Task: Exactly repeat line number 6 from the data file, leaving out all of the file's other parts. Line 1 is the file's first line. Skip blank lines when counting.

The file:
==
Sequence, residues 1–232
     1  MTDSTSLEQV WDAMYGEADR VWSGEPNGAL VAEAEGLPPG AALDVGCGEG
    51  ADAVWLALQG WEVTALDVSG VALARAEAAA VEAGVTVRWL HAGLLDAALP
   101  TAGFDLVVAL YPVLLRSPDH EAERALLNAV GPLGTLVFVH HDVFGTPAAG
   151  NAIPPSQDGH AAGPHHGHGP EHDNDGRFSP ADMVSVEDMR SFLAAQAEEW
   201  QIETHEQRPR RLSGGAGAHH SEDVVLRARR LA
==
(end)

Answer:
   201  QIETHEQRPR RLSGGAGAHH SEDVVLRARR LA